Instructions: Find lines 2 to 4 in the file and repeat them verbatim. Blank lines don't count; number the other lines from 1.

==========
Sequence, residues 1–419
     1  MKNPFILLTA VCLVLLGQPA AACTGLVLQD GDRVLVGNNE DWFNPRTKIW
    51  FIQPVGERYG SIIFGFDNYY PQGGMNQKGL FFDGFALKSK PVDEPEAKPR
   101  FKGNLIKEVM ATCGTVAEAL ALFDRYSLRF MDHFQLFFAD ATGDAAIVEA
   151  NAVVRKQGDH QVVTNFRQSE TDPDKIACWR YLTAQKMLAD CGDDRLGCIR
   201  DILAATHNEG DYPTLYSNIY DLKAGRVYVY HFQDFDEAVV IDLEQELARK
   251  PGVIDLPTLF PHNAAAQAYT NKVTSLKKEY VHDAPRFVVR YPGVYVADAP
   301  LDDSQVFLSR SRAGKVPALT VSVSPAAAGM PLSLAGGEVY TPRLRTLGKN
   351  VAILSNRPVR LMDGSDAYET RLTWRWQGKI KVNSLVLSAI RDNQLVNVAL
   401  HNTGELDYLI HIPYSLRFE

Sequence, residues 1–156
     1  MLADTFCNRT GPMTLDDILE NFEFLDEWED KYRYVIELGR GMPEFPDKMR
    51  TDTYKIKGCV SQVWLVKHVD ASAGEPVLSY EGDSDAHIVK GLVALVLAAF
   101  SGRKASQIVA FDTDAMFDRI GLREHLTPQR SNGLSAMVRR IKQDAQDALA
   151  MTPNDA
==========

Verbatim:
     1  MKNPFILLTA VCLVLLGQPA AACTGLVLQD GDRVLVGNNE DWFNPRTKIW
    51  FIQPVGERYG SIIFGFDNYY PQGGMNQKGL FFDGFALKSK PVDEPEAKPR
   101  FKGNLIKEVM ATCGTVAEAL ALFDRYSLRF MDHFQLFFAD ATGDAAIVEA